A major new study by the Open Society Institute in Bulgaria has revealed that amongst emerging European countries, Estonia has by far the highest level of media literacy, ranking fifth in a list of 35 European countries surveyed, above both the UK and Germany.
At the other end of the scale, countries in the Balkans are more vulnerable to the negative influence of fake news and ‘post-truth’ than those in western and northern Europe. Controlled media (either state or private), low rates of media literacy, as well a lack of trust in others, are thought to be to blame.
“Education remains the key component in dealing with the post-truth phenomenon – as the general education level as well as tailored media literacy training,” said the report’s author, Marin Lessenski, programme director, European Policies Programme Open Society Institute Sofia.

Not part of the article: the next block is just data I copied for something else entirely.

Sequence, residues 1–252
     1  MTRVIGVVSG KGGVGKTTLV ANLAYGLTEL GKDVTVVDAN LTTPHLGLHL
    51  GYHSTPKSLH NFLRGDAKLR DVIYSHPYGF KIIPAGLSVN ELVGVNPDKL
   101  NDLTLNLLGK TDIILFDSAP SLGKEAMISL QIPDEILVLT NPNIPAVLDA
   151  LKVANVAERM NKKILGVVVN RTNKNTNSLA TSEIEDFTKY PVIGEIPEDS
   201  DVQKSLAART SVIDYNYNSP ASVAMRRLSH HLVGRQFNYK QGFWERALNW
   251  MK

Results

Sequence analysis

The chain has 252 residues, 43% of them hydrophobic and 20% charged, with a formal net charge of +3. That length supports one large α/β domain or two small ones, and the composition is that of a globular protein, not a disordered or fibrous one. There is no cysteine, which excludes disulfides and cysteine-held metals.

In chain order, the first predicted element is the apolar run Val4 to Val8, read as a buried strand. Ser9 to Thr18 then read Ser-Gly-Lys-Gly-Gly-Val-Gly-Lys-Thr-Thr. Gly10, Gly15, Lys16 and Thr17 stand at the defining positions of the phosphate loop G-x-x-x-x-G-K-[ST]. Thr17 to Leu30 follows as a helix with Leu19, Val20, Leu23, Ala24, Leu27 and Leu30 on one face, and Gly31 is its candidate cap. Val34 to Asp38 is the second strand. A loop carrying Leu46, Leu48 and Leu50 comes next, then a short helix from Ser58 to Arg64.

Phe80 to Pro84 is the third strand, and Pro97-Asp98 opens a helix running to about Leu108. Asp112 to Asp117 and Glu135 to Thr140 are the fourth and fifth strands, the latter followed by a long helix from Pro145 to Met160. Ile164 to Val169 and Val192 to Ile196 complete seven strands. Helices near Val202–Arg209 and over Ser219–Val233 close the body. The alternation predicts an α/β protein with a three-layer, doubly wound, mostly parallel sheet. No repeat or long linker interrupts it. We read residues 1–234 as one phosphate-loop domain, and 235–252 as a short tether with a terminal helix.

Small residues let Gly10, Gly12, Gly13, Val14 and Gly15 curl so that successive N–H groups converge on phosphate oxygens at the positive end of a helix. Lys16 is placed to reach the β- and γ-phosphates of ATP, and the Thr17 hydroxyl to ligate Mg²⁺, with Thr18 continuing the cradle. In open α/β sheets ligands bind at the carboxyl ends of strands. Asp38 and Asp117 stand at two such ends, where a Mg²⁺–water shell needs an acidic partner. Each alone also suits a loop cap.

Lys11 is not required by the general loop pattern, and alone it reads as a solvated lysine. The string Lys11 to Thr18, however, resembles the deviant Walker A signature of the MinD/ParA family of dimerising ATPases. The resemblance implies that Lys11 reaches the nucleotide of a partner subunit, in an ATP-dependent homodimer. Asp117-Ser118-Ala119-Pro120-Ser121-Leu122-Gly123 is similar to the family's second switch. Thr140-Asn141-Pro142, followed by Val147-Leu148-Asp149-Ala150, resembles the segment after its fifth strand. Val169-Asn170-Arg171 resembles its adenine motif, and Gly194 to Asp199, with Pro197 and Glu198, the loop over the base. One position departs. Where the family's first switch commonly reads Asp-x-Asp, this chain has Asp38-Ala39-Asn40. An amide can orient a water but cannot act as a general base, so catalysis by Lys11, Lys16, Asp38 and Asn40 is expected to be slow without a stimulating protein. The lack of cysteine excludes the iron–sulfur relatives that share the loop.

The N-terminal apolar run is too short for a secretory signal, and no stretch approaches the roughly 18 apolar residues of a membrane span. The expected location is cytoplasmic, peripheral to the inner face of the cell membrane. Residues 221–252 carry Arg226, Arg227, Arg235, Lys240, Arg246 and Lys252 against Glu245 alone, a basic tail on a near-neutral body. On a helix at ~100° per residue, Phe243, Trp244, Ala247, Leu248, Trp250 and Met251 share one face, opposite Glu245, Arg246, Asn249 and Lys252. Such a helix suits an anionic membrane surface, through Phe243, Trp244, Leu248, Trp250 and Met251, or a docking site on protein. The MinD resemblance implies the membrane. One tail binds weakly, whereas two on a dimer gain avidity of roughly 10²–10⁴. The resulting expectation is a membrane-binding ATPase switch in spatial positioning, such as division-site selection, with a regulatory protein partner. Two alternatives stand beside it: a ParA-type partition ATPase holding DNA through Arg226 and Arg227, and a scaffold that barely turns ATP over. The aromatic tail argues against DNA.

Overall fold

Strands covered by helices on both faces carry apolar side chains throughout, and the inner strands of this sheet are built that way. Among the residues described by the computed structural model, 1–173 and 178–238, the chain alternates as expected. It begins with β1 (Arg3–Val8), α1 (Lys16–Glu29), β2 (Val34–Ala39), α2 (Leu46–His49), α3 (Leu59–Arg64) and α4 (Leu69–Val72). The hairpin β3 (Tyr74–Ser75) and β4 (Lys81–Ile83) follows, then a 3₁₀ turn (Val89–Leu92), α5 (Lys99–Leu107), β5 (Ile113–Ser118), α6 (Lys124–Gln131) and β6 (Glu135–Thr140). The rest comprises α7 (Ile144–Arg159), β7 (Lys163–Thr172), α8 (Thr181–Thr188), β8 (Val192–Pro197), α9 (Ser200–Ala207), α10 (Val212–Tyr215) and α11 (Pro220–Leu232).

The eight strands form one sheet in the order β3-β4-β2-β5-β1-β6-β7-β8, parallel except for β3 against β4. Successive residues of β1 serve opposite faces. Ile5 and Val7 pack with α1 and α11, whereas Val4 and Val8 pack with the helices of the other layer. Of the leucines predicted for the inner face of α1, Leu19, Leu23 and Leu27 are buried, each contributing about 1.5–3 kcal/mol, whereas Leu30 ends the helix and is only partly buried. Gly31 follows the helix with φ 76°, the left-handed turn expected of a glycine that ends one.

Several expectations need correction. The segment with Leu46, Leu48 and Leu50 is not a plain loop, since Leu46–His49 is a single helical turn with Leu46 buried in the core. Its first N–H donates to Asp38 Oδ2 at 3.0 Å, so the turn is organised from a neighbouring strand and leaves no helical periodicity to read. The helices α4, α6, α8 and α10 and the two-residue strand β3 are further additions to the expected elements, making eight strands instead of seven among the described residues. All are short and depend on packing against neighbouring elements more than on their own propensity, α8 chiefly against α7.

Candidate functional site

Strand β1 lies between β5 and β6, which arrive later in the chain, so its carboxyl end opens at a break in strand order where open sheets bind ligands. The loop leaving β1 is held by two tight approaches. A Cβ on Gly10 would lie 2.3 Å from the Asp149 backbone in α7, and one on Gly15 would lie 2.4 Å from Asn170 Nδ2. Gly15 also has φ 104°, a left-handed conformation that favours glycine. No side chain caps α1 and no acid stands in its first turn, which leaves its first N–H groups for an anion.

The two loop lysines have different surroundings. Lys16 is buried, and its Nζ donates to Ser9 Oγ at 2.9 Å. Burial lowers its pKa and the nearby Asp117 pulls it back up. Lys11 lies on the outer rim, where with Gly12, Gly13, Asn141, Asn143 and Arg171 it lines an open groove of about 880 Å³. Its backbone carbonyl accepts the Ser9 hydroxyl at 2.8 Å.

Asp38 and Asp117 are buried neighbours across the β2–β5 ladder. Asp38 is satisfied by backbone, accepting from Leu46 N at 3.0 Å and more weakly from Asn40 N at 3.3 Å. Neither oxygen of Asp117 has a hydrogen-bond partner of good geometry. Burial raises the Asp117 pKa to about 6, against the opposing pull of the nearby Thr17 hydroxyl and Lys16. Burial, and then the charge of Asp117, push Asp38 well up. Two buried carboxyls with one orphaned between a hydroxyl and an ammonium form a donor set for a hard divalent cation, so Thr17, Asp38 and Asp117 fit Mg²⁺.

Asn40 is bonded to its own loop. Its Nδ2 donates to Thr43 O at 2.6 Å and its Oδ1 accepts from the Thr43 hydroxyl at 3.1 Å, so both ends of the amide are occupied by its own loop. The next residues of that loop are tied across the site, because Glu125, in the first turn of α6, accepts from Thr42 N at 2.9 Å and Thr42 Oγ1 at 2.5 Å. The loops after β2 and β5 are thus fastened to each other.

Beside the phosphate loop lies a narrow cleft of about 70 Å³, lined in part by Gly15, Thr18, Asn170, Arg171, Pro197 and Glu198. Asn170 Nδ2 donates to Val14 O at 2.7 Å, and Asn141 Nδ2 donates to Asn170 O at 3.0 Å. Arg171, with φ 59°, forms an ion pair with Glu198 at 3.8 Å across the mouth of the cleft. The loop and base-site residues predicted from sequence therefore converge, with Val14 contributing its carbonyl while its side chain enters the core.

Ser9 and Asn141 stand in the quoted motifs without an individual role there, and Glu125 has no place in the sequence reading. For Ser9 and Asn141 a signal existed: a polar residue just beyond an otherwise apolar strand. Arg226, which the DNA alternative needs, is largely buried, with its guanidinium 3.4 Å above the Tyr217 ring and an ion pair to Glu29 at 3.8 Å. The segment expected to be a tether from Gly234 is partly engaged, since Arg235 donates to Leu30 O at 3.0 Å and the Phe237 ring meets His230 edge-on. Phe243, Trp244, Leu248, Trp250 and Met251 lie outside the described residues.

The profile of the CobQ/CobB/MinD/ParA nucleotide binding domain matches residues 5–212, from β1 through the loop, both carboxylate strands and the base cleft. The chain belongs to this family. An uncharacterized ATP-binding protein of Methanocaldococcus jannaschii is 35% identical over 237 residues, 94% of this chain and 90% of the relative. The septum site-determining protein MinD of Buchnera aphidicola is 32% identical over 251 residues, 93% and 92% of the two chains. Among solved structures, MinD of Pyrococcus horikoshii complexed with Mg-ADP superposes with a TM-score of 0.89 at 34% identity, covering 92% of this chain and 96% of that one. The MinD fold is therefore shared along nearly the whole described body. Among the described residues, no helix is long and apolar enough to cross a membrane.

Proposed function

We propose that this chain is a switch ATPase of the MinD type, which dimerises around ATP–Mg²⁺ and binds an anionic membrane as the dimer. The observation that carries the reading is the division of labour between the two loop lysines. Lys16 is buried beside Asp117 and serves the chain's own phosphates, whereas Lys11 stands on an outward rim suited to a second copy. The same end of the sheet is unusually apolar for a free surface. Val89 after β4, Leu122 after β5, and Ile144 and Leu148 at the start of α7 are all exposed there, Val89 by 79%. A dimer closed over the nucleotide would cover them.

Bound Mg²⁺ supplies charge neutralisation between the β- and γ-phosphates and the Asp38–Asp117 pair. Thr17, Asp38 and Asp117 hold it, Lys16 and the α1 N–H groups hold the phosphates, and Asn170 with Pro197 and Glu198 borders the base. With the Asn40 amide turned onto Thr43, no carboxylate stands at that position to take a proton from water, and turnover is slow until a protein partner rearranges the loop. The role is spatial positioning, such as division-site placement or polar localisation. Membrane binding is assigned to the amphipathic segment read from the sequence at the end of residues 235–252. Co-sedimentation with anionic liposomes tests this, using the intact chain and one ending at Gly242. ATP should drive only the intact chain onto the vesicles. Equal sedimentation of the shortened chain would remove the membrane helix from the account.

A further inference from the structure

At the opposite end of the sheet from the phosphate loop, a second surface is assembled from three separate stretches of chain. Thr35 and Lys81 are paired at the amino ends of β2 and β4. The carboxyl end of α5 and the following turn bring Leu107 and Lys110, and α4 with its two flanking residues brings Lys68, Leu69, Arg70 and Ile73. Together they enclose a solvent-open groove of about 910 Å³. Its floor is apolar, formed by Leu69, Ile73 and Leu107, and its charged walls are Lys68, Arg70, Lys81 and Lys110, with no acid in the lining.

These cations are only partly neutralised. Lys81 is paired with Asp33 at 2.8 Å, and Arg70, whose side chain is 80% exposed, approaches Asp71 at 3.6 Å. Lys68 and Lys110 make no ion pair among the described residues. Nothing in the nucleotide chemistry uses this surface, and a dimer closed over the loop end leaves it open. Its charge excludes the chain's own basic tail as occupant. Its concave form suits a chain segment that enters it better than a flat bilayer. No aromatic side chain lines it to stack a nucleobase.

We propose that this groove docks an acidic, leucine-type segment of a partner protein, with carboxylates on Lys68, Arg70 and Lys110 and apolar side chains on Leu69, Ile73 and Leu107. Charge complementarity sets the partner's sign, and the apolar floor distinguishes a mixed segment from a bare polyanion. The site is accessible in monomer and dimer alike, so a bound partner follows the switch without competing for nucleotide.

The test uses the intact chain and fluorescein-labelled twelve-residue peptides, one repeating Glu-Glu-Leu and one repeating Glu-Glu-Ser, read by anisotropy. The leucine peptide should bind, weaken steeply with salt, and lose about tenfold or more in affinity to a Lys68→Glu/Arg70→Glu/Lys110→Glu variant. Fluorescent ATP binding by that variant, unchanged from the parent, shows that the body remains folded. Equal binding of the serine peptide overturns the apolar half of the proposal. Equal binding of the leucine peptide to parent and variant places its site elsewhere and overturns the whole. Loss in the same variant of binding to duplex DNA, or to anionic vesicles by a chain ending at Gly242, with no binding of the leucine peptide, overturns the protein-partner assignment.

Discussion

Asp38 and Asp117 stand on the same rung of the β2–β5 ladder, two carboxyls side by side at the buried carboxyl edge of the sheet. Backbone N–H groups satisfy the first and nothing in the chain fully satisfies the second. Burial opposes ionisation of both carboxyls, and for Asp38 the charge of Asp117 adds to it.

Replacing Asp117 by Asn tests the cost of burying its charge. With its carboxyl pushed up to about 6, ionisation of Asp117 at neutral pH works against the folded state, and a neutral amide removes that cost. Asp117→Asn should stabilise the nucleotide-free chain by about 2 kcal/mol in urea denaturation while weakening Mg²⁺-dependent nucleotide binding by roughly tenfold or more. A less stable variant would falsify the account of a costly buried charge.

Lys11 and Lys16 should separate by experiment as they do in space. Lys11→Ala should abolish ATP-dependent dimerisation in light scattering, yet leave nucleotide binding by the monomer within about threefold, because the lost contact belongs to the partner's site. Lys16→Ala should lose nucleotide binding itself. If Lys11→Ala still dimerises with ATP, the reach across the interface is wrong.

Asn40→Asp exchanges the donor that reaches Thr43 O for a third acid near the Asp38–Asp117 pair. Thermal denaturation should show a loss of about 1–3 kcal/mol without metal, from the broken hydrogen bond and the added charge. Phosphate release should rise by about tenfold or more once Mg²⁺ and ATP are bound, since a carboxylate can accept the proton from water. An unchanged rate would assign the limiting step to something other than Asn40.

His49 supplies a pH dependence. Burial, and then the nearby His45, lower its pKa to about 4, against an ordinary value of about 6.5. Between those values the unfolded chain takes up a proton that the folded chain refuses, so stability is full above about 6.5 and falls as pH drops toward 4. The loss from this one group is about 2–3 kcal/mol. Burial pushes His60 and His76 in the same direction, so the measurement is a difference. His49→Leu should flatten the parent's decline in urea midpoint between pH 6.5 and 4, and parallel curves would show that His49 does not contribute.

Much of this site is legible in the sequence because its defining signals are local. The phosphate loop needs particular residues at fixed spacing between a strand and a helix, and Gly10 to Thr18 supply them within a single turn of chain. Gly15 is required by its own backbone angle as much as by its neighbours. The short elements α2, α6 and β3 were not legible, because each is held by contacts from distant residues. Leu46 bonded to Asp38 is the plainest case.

The Media Literacy Index was created in 2017 as a response to the ‘post-truth’ phenomenon. It aims to measure resilience to ‘post-truth’, ‘fake-news’ and their consequences in a number of European countries and offer an useful instrument to finding solutions.
Worryingly, a number of emerging European countries have moved down the rankings since 2017: Poland by three places (now 18th), the Czech Republic (19th), Croatia (24th), Serbia (29th) and Montenegro (31st) each by two places and Slovakia (22nd) and Romania (28th) by one place each. Slovenia and Hungary both saw their scores fall without their overall ranking being affected. Besides Estonia, the only emerging European countries to improve their scores were Albania and Bosnia.
Bottom of the list is Macedonia, which combines a low education level score with a low press freedom score.
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